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As the world starts evolving, our choice of words becomes more and more important in our everyday conversations. The term ‘handicapped’ may sound a little offensive and debilitating to some people and hence, the term ‘person with disability’ should be used instead.
Why does it even matter?
Language has changed since we started recognising the power of how our words can shape our reality. Whether or not we are aware of it, words convey images that do have an effect on our attitude and behaviour. For example, a word like mentally crazy carries an image that can makes us feel afraid of people with mental illnesses.
As such, we need to start avoiding phrases such as ‘victim of cerebral palsy’, ‘suffering from epilepsy’, ‘afflicted with autism’ and ‘confined in a wheelchair’. These phrases imply the person is a tragic martyr; that the person was killed by the disability. In addition, we should also avoid phrases such as ‘bravely battling multiple sclerosis’ as it makes the person sound heroic for having a disability. By using all the phrases, you are objectifying the person with the disability and placing the disability first, rather than the person first.
When describing a person with a disability, it is important to position your words in such a manner that you are putting the person first instead of their disability e.g. instead of blind person, say person with visual impairment, instead of Down Syndrome child, say a child with Down syndrome.
When we change our words, we are not denying reality or hiding a certain disability but rather, we are doing it to avoid dehumanising stereotypes. People with disabilities just want to be treated and perceived in the same manner as everyone else. They are just like any of us – treat them the way you (a typical developing person) would want to be treated.
This idea of person-first language has gained large acceptance among many people with disabilities as well as many professionals who work with them. For example, some people who are hearing impaired (deaf) refer to themselves as Deaf with a capital D because they grew up and live in a community where people have no hearing. As such, deafness is their culture and their identity. Those who prefer small ‘d’ generally have been mainstreamed and live among those who hear.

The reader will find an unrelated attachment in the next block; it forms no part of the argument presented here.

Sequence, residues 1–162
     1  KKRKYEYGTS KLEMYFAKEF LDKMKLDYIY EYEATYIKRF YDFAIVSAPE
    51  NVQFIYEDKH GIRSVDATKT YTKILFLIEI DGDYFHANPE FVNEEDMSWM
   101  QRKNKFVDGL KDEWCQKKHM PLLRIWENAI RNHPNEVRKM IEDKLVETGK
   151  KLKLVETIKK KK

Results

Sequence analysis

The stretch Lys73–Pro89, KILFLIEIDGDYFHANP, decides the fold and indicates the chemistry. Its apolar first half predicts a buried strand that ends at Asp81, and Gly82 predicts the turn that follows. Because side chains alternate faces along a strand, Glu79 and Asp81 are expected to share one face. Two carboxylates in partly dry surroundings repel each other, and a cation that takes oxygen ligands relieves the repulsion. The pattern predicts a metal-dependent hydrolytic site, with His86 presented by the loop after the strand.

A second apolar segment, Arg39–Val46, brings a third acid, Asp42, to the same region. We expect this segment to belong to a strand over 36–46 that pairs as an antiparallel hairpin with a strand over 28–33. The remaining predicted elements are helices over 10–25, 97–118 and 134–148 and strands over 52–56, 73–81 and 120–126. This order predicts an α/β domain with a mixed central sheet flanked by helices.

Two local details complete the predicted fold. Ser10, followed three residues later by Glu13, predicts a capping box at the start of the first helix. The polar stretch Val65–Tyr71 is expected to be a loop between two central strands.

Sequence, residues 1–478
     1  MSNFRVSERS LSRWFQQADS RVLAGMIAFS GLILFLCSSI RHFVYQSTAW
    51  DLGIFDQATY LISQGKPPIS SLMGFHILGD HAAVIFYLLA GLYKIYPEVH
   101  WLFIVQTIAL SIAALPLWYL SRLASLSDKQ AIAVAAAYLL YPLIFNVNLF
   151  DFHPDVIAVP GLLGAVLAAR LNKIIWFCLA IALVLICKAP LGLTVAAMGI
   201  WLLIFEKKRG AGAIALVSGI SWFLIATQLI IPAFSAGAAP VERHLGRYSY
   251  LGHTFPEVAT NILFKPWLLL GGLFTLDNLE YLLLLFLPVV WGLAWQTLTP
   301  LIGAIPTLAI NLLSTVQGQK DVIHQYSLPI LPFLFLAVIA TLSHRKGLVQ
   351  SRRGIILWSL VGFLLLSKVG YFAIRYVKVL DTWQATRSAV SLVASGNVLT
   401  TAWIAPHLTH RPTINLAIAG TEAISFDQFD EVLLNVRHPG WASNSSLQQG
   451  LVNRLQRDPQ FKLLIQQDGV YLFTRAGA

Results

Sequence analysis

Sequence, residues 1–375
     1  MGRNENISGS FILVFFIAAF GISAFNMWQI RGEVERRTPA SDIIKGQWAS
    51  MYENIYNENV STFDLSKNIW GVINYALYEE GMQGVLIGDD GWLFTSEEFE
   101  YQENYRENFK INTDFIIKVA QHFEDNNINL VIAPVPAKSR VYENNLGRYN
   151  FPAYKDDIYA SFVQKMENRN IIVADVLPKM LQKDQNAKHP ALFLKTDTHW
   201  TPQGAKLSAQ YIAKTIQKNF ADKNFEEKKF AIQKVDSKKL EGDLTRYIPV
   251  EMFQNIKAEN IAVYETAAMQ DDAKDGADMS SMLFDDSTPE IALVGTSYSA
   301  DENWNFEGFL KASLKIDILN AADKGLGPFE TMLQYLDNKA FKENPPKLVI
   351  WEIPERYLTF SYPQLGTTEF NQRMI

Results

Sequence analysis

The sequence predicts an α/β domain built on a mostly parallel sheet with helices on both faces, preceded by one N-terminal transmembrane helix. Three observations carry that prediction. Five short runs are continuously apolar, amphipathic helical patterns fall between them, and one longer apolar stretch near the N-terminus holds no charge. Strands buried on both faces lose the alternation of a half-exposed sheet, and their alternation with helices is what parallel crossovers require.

One drawback of this person-first language is that people are worried that they might say the wrong thing or address the person with disability in an offensive manner. As such, people might not even try to interact with the person with disability, which ultimately defeats the purpose of changing our language to a person-first language. However, we need to remember that this current shift towards a positive language will help us understand our peers better. Always try to stay informed about what is consider appropriate and if you are ever in doubt when interacting with people with disabilities, you can simply just ask them which terms they would prefer to be addressed by.
Here are some tips on how to communicate with people with disabilities:
- When introduced to a person with disability, offer to shake hands. Those who has an artificial limb can usually shake hands.
- If you offer for assistance, wait until the offer is accepted. Then listen to or ask for instructions.
- Do not be embarrassed if you happen to use common expressions such as ‘see you later’ or ‘did you hear about that’ when in the company of people who are visually or hearing impaired.
- Ask questions. Do not be afraid to ask questions when you are unsure of what to do.
Individuals who are visually impaired:
- Speak to the individual as you approach them.
- State clearly who you are in a normal tone of voice.
- Never touch or distract their service dog without asking the owner first.
- Do not attempt to lead the person without asking them first.
- Be descriptive when giving directions. Give them information that is visually obvious to individuals who can see.
Individuals who are hard of hearing / hearing impaired:
- Gain the person’s attention before starting a conversation.
- If the individual uses a sign language interpreter, speak directly to the person and not the interpreter.
- Use short and simple sentences when communicating with them.
- Speak clearly and in a normal tone of voice. Do not shout.
Individuals with mobility impairments:
- If possible, put yourself at the person’s eye level.
- Never patronise people who uses wheelchairs by patting them on the head or shoulder.
- Do not assume the individual wants to be pushed. Always ask first.
- Offer assistance only if the individual appears to have some difficulty.
Individuals with speech impairments:
- If you do not understand what the other person is saying, do not pretend to understand what was said. Ask them to repeat what has been said and then repeat it back to them.
- Do not speak for the individual or attempt to finish the person’s sentences.
- Ask questions that only requires short and simple sentences as answers.
- Be patient. Take as much time as necessary to hear them out.
- Harrington, Tim. 1994. The Ten Commandments of Communicating with People with Disabilities. Columbus,Ohio: Irene M. Ward & Associates.
- S. Department of Labor, Office of Disability Employment Policy. “Communicating with and About People with Disabilities.”